Aside opening the political and economic space to accommodate younger Nigerians, YACOR asked that Chapter 2 of the 1999 Constitution should be made enforceable to “address the socio-economic needs of young people in Nigeria, e.g., access to free and compulsory education, employment, housing, healthcare and quality food. Enforcement of Chapter 2 should adopt a similar enforcement regime to Chapter 4 in the constitution.”
Picking holes in a situation where the national youth leader of one of the leading political parties is a 60-year old, YACOR sought a constitutional provision defining the youth to comprise all males and females aged 18 to 35 years.
They also demanded 10 per cent of legislative positions for youths. “In order to create more space for democratic participation, it is recommended that Section 49 of the 1999 Constitution be amended to ensure that 30 per cent of party lists under the proposed proportional representation system are reserved for women, 10 per cent for youths and 5 per cent for physically challenged persons, without prejudice to their right to also compete for representation under the first-past-the-post system. This recommendation is made pursuant to the recommendation of the Justice Uwais committee’s recommendation on electoral reform.”
The youths also urged the amendment of the immunity clause under Section 308 (1) (a) to prevent its abuse by presidents, governors and their deputies. “The immunity clause should also be subject to the review of a Federal High Court in the case of governors and their deputies, and to the review of the Supreme Court in the case of the president and his deputy.
The immunity must be subject to some specific exceptions, like murder, insanity, flagrant looting of state treasury, etc. Since those kinds of conduct while in office were not, ipso facto, intended to be protected by the framers of the constitution, they should, therefore, not come under the immunity umbrella.”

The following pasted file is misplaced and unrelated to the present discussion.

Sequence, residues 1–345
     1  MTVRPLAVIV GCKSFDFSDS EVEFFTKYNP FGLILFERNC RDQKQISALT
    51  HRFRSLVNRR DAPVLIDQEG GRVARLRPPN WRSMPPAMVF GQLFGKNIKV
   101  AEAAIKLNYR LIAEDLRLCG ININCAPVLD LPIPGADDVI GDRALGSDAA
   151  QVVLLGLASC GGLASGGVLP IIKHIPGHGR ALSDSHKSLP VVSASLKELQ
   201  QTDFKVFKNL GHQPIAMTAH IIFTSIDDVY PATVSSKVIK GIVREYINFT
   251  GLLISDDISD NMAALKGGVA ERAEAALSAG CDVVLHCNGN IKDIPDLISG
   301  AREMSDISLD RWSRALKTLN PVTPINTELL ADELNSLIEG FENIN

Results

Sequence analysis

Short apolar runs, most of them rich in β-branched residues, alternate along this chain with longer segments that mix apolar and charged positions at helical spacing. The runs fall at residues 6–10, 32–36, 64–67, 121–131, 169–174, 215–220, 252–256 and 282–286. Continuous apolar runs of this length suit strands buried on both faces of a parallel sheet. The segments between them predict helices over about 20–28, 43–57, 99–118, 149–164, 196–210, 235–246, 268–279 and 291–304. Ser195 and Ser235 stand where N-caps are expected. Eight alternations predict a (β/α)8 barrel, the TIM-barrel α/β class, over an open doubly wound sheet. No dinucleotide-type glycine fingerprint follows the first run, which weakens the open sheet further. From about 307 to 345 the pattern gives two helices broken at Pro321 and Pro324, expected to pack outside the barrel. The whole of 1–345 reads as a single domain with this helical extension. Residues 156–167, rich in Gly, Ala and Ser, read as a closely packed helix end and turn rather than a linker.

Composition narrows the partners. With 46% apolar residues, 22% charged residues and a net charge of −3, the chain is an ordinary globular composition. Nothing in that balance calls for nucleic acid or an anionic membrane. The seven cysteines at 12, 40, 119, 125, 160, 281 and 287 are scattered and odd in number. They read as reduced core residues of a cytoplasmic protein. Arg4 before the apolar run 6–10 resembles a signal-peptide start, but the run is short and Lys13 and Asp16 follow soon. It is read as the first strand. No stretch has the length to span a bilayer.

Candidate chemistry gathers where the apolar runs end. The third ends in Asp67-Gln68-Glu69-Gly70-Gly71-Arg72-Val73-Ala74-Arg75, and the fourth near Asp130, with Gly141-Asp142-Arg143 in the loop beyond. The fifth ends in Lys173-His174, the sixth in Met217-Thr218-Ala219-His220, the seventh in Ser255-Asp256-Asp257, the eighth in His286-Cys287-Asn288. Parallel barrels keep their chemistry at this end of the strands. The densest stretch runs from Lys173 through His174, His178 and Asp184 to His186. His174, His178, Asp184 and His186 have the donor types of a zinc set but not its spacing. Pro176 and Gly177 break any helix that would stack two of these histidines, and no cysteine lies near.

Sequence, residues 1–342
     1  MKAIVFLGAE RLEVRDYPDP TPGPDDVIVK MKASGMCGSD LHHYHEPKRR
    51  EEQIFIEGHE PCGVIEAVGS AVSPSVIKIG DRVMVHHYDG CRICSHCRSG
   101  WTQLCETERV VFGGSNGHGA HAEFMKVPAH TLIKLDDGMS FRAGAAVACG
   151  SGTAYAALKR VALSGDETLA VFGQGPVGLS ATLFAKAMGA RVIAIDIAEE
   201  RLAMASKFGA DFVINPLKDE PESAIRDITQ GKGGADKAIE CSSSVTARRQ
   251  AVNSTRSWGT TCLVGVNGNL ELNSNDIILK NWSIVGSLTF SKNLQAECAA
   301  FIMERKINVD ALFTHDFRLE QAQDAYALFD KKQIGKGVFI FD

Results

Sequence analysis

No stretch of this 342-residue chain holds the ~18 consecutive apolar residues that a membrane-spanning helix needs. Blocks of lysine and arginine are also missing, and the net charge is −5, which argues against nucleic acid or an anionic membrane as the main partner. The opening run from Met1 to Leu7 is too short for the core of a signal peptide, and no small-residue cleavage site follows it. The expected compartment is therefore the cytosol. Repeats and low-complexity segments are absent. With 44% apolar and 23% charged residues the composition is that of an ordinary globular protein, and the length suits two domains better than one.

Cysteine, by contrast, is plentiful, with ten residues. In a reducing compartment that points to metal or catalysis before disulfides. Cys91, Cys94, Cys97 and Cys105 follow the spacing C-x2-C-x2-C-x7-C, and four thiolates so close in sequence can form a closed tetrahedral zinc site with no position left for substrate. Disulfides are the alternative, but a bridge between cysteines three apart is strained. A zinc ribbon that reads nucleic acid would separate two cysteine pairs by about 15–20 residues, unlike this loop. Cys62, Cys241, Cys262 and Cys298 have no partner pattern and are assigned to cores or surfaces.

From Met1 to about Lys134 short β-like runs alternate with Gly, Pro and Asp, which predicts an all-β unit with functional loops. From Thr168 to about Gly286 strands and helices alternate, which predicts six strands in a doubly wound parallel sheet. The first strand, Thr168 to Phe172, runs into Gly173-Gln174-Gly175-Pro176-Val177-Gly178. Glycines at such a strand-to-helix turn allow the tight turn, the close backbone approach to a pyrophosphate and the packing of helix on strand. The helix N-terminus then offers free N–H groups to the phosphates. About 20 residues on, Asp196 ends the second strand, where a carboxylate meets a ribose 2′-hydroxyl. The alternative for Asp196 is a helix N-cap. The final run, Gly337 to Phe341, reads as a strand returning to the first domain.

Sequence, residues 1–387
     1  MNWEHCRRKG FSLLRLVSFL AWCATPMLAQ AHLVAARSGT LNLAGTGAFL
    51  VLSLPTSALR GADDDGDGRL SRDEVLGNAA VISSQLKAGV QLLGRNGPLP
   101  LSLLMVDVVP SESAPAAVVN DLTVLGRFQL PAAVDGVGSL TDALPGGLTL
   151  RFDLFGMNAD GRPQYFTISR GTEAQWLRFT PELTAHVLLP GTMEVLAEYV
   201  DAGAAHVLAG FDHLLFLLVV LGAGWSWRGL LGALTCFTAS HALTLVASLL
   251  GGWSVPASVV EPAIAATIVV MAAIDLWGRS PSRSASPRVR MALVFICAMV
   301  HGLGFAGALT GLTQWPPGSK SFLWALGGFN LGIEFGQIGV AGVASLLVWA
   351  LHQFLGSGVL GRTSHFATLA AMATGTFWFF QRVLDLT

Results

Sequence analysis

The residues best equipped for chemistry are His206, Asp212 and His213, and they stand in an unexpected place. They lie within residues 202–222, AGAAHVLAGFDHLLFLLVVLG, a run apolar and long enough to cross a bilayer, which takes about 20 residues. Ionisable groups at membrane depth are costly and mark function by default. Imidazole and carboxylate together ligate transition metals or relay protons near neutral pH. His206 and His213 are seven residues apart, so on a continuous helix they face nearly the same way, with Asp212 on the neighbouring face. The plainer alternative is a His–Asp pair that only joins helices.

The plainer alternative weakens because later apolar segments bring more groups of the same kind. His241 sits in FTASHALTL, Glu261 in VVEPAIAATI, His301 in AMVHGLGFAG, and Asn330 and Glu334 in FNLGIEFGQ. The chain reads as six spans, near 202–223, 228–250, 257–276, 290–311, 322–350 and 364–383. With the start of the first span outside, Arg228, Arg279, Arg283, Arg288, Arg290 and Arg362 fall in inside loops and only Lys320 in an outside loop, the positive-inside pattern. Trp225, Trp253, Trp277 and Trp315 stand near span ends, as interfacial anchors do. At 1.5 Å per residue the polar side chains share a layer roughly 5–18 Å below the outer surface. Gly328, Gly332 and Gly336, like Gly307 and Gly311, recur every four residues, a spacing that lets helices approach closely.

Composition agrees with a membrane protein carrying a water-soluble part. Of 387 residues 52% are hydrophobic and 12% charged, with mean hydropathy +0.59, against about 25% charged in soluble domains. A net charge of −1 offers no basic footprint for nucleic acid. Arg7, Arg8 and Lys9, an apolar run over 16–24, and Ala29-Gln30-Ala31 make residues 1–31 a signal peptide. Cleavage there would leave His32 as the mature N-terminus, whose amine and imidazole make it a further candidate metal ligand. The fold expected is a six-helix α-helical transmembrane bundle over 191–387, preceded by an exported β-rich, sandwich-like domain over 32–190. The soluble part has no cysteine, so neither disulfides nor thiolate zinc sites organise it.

Empowering women is smart economics – Women
In a memorandum prepared from inputs made by 360 women organizations drawn from the six geo-political zones of the country, women, under the auspices of Gender and Constitution Review Network (GECORN), urged the lawmakers to address the injustices and imbalance in opportunity between men and women that exclusion of women has caused. According to them, redressing the injustice “is not just about human rights, it is smart economics.”
Specifically, the women prayed as follows:
“Inclusion – The 1999 Constitution should be re-drafted so that the word ‘he or him’ should be replaced with he/she and him/her…
“Citizenship – Section 26 (2) should be amended to confer citizenship by registration to a foreign spouse of a woman just like her male counterpart. Section 29 (4) should be abrogated as it condones the incidences of child marriages and legalizes violence from early marriage contrary to the Child’s Rights Act 2003.”
They urged that the following provision in the constitution: “The term ‘indigene of a state’ shall mean – “(i) any Nigerian born of parents, who are descendants of that state
(ii) A Nigerian citizen shall be deemed to be an indigene of the state in which that person is born and has spent the first five years of his/her life
(iii) A Nigerian is deemed to have acquired the indigeneship of any state in which he/she has continuously resided for at least 10 years
(iv) A Nigerian woman or man should have the right to enjoy the rights accrued to the indigenes of either her place of origin or that of her husband and vice versa.”
They also sought law targeting violence against women because “the Nigerian constitution is silent on harmful traditional practices that affect the dignity of women and girls.”